London may not have a beach, but the River Thames runs right through the city, and since it's a tidal river, the river banks are uncovered every day.
In the 18th and 19th centuries, many poor people in London searched the riverbanks for trinkets that had been dropped into the water and cargo that had fallen off passing boats, and they would sell the treasures they found. Being a mudlark—someone who searched for these items—was a recognized occupation until the early 20th century.
But mudlarking these days is more like beachcombing or treasure hunting for those interested in London's history.
Mudlarking Along the Thames
The Thames is now one of the cleanest metropolitan rivers in the world, but it used to be regarded as London's trash can. Thames mud is anaerobic (without oxygen) and preserves whatever it consumes, which makes the 95-mile foreshore (the part of the shore closest to the water) of the tidal Thames one of the richest archaeological sites in Britain.
Mudlarking is the urban equivalent of beachcombing (looking on the beach for "treasures" washed up by the sea). There are serious mudlarking enthusiasts who are registered and have all the necessary equipment, and then there are amateur archaeologists and the rest of us who are intrigued by London's past being displayed on the foreshore every day.
As of September 2016, a license is required to search for anything on the foreshore, even if you are just looking without an intent to touch or remove anything.
You can apply to the Port of London Authority for a license, and the staff there can give clear guidance on what you will be allowed to do and where.
It is very important that any object found on the foreshore that could be of archaeological interest is reported to the Museum of London so that potentially everybody can benefit from the find.
Through this scheme, the mudlarks have helped build an unparalleled record of everyday life on a medieval river.
If you intend to take home what you find, you will need to get an export license.
This is an urban setting, so you are most likely to find everyday objects that people have thrown away like pottery, buttons, and tools. It is extremely unlikely you will find a bag of diamonds or a sack of gold.
The most common item to find is a clay pipe, which is usually broken and often sitting right on the surface. These were smoking pipes and were sold pre-filled with tobacco and although they could be re-used, they were generally thrown away, especially by the dock workers, which explains why there are so many in the river. While that sounds like the equivalent of a modern cigarette butt and not exciting, they date back to the 16th century.
Remember to take plastic bags with you for your finds and do wash everything in clean water before letting others handle it.
The most important information you need for mudlarking safely is found on the daily tide tables. The Thames rises and falls by more than seven meters (about 23 feet) twice daily as the tide comes in and out, and the water is cold.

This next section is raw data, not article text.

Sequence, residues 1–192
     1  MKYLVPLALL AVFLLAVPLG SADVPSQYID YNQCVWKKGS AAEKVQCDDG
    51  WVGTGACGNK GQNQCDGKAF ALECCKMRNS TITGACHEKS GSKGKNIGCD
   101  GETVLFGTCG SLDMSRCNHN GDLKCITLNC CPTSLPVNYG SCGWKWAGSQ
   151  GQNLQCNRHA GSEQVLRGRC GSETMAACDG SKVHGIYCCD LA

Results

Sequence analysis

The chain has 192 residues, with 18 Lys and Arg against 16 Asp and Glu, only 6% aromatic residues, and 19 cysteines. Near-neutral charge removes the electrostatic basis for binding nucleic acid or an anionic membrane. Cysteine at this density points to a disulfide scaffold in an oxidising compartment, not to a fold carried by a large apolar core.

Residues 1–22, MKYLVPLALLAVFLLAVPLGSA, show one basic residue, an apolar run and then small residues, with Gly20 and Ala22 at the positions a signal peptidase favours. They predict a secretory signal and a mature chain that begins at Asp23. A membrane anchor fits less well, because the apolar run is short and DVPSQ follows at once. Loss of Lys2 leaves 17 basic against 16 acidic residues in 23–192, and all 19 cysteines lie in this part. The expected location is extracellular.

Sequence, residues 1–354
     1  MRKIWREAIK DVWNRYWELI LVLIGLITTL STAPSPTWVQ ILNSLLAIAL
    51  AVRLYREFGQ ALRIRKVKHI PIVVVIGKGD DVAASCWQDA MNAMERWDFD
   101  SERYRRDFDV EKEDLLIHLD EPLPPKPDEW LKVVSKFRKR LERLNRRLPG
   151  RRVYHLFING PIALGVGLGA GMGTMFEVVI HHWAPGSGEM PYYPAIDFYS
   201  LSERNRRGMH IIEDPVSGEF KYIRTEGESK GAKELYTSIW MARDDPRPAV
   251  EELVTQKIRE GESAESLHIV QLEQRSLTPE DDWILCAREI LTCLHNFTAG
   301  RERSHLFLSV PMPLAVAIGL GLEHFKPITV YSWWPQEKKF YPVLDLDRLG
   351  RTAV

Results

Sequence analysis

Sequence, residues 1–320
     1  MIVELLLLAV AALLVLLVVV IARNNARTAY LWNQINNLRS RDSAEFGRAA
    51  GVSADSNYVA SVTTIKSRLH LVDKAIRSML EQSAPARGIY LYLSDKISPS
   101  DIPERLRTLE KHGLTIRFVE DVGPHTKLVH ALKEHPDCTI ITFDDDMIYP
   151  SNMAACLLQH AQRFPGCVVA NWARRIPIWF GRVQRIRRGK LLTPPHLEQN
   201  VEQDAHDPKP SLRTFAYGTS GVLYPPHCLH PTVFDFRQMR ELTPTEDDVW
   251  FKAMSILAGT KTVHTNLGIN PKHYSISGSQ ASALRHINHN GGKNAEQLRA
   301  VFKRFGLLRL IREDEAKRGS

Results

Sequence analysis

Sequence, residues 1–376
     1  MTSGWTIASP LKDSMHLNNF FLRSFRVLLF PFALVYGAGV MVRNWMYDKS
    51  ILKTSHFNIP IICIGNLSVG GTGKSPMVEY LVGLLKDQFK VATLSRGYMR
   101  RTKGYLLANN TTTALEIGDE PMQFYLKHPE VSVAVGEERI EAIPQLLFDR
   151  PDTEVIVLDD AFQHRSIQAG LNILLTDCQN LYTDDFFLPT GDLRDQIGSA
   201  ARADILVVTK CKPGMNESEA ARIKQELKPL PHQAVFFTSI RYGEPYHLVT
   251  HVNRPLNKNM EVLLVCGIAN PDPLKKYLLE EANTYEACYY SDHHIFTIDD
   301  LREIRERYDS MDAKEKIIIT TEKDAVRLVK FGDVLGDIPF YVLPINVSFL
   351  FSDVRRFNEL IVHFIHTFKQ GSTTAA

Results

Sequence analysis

Check the exit points because the river rises very quickly and has an exceptionally strong current. The steps to the river can be slippery so climb with care.
Wash your hands or wear disposable gloves because the area is muddy. There is also a risk of contracting Weil's disease (spread by rat's urine in the water), and sewage in storm conditions is still discharged into the river. Infection is usually through cuts in the skin or through the eyes, mouth or nose. Medical advice should be sought immediately if ill effects are experienced after visiting the foreshore, particularly flu-like symptoms such as temperature and body aches. All in all, be careful not to touch your eyes or face before your hands are clean. An anti-bacterial wash can help before you give those hands a good scrub.
Wear sturdy footwear because it can be muddy and slippery in places.
Be sensible and don't go mudlarking on your own.
Finally, note that if you venture onto the foreshore, you do so entirely at your own risk, and you must take personal responsibility for anyone you mudlark with. In addition to the tides and currents mentioned above, hazards include raw sewage, broken glass, hypodermic needles, and wash from vessels.
Where to Mudlark
You can try treasure hunting in some prime locations in central London. You can mudlark under the Millennium Bridge outside the Tate Modern on the South Bank or move over to the North Bank near St. Paul's Cathedral. Outside Gabriel's Wharf can be a fun place to check the shore, and the areas around Southwark and Blackfriars bridges on the North Bank are also worth checking out. You could also have a look around Canary Wharf if you're visiting the Museum of London Docklands.